Archive for the ‘Bike stuff’ Category

Abyss in ya

November 21, 2017

The high point of today’s outing, just below the Sandia Tram.

“And when you look long into an abyss, the abyss also looks into you.”—Friedrich Wilhelm Nietzsche, “Beyond Good and Evil”

Screw the abyss, I said, and went for a ride. And what a fine idea it was, too.

It was sunny and warmish out there, away from the Mac, and grew more so. I’m still reviewing the Fuji Touring Disc for Adventure Cyclist, and thus it’s the go-to machine for any bike rides out of El Rancho Pendejo, unless I absolutely, positively must have some dirt time.

I can’t stay gone for long. The Boo has been showing signs of the Dogzheimer’s and frequently forgets the difference between indoors and outdoors, with deleterious consequences for the brick floors and carpets. I kennel him when I leave, but that’s no guarantee that I won’t come home to a mess. And confining him to quarters means he can march around in any messes that he makes. I should get him some little Wellingtons to wear in the slammer.

So, yeah. Short rides, two hours or less. But still, it beats watching everybody in America be revealed as a perv’, fascist, false prophet, lickspittle, tinpot dictator, coward, fool or some combination thereof.

Finally, Friday

November 17, 2017

Early in the week the Fuji Touring Disc and I got our kicks on Route 66.

It’s been a productive week around the old rumormongery.

I edited and shipped two short videos for Adventure Cyclist; continued my evaluation of the latest review model, a Fuji Touring Disc; and wrote a column and drew a cartoon for Bicycle Retailer and Industry News.

Cha-ching! Just back that armored car up to the vault, boys, and start shoveling. I’ll be on the patio contemplating my investment portfolio.

Speaking of which, I see our national leadership is dancing merrily with the ones who brung ’em. It can’t be much longer before there’s a new agency working hand in glove with the Eternal Revenue Service, the Department of Spare Change, which sends agents round to root through your pants pockets, sofa cushions and swear jars. Hand over those nickels and dimes, Gramps, you lot would just piss it away on housing, food or medicine.

Don’t worry, soon it will all come trickling back to you. Why, look, what’s that there, on your shoe? Looks like it’s raining on somebody!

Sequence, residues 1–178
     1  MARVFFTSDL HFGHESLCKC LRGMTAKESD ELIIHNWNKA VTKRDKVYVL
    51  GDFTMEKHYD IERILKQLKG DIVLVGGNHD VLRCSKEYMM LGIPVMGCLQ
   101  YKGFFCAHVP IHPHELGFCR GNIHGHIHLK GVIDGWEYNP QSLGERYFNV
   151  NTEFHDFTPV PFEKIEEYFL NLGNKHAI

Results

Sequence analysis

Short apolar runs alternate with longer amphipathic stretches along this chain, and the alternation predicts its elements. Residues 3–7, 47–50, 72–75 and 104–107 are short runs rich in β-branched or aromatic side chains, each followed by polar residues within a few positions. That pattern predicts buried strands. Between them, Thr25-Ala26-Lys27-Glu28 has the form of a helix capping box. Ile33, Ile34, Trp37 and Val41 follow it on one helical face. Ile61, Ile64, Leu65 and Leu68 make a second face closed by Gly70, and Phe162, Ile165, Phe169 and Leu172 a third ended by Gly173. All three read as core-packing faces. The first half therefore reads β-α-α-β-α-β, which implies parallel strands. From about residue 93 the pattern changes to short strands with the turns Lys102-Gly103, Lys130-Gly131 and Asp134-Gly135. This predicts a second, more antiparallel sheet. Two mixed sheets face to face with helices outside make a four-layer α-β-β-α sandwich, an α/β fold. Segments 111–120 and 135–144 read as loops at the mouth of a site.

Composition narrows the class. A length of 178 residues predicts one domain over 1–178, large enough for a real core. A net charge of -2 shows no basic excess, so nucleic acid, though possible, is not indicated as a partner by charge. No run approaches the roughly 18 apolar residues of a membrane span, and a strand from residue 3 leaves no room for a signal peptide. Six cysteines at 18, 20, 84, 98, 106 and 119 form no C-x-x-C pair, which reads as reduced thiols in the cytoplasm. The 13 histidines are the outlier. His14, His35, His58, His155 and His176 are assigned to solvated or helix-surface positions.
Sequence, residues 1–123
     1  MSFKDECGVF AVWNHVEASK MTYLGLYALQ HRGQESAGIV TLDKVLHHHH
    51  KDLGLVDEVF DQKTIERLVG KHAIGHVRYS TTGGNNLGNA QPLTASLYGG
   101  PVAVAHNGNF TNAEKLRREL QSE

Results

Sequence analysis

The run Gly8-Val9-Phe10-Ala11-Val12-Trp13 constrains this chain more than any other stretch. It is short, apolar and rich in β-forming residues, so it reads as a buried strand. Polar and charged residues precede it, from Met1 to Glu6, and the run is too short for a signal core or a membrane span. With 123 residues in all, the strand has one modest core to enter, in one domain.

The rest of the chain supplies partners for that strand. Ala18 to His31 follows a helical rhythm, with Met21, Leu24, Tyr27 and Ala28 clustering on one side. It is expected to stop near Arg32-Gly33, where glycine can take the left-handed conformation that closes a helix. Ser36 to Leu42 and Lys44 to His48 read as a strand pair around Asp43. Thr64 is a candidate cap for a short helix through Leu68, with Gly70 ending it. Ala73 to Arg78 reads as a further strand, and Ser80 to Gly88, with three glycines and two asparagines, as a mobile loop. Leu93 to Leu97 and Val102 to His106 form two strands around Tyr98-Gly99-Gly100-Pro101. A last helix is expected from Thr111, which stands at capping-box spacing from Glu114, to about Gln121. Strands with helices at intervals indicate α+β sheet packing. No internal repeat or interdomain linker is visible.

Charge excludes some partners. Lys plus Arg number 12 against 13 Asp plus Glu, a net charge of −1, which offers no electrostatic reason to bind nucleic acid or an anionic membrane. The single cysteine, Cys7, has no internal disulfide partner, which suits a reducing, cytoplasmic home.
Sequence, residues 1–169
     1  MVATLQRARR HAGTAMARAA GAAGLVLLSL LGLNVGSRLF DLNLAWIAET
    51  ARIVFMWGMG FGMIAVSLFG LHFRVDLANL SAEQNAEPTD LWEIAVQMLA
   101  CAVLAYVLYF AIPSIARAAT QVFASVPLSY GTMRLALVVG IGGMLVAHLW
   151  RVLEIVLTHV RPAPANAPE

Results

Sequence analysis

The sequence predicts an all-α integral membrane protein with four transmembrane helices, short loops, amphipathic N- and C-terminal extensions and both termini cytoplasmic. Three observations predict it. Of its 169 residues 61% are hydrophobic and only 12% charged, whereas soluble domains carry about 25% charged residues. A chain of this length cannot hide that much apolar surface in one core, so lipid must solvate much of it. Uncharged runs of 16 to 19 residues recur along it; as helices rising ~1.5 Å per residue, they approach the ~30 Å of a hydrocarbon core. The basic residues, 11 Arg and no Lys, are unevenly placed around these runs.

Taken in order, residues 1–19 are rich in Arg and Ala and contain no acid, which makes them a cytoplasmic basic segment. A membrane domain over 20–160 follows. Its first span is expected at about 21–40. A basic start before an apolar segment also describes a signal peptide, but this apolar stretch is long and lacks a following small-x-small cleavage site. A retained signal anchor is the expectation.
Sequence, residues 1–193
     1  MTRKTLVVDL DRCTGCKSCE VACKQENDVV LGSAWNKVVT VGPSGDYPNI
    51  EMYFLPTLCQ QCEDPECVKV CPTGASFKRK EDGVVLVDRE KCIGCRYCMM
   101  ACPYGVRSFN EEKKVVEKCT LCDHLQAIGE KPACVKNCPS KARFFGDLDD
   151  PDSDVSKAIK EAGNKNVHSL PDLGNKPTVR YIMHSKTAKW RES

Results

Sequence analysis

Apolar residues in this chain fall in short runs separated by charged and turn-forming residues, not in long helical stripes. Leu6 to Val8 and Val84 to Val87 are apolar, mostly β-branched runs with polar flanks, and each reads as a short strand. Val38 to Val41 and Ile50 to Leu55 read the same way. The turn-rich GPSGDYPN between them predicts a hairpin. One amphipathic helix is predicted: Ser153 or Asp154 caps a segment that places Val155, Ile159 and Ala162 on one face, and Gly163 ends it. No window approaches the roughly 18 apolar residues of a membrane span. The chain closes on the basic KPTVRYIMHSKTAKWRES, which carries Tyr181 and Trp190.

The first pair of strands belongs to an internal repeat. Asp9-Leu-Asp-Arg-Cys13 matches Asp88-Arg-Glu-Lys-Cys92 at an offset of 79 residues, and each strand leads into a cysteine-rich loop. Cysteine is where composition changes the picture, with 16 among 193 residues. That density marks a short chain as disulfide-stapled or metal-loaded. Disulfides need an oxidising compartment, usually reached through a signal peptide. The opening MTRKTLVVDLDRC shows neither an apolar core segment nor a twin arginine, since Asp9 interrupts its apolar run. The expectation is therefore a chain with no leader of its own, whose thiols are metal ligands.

Put your back into it

November 4, 2017

More fall, still more!

Two visits with the backcracker and I’m feeling more and more like a biped capable of upright locomotion. That said, I’m still not convinced it was a good idea for the Irish to come down from the trees, even though the English were kind enough to teach us how to operate the wheelbarrow.

What I need to be operating is some bicycles. The deadlines, they loom — for Bicycle Retailer and Industry News, for Adventure Cyclist — and I’ve noticed that Kevin Drum’s obsession with artificial intelligence notwithstanding, these pieces refuse to write themselves.

And somebody has to pay the backcracker. ‘Cause he doesn’t accept health insurance.

Thus the temptation is to get out there right now and push those pedals around. Burn some fat, light the cranial fireworks, make a little magic.

Hmm. What would Plato do? Probably not that. Maybe I’ll just go for a walk.

Shocktober

October 25, 2017

I’m getting hungry — peel me a grape.

I hate to do this to anyone who’s already “enjoying” more seasonal weather, but it’s either this or politics.

Yes, that is me, riding a Marin Nicasio locked and loaded with racks and sacks. In late October. Wearing shorts, a short-sleeved jersey, and sunscreen. Ice in the water bottles. Blue in the sky.

The world is a cold, cruel place.

Well, not here. Here it’s just cruel.*

* OK, if it helps dull the pain, I was actually working, just like you.** This is a still from some video to support my review of the Marin Nicasio, coming to a copy of Adventure Cyclist near you in February 2018.

** Well, if you can call riding around like a bum during business hours “working,” anyway.

One Marin, hold the fire, please

October 15, 2017

Going down. …

There are days — approximately seven per week — when I’m delighted that I no longer work for a daily newspaper.

… and going up.

Instead of following fires, terrorism and ruthless, blithering idiocy for fun and profit, I get to ride my bikey bike.

Or, in this case, someone else’s bikey bike.

The Marin Nicasio is next in the review pipeline, and while product manager Chris Holmes watches copters chatter in and out of the Petaluma airport I get to pedal one of his products up hill and down dale here in the Duke City.

There will be more of this sort of thing today. I may not work for a newspaper anymore, but I still have deadlines.

The Bravo Foxtrot Hotel

October 12, 2017

Every day a little less green and a little more gold.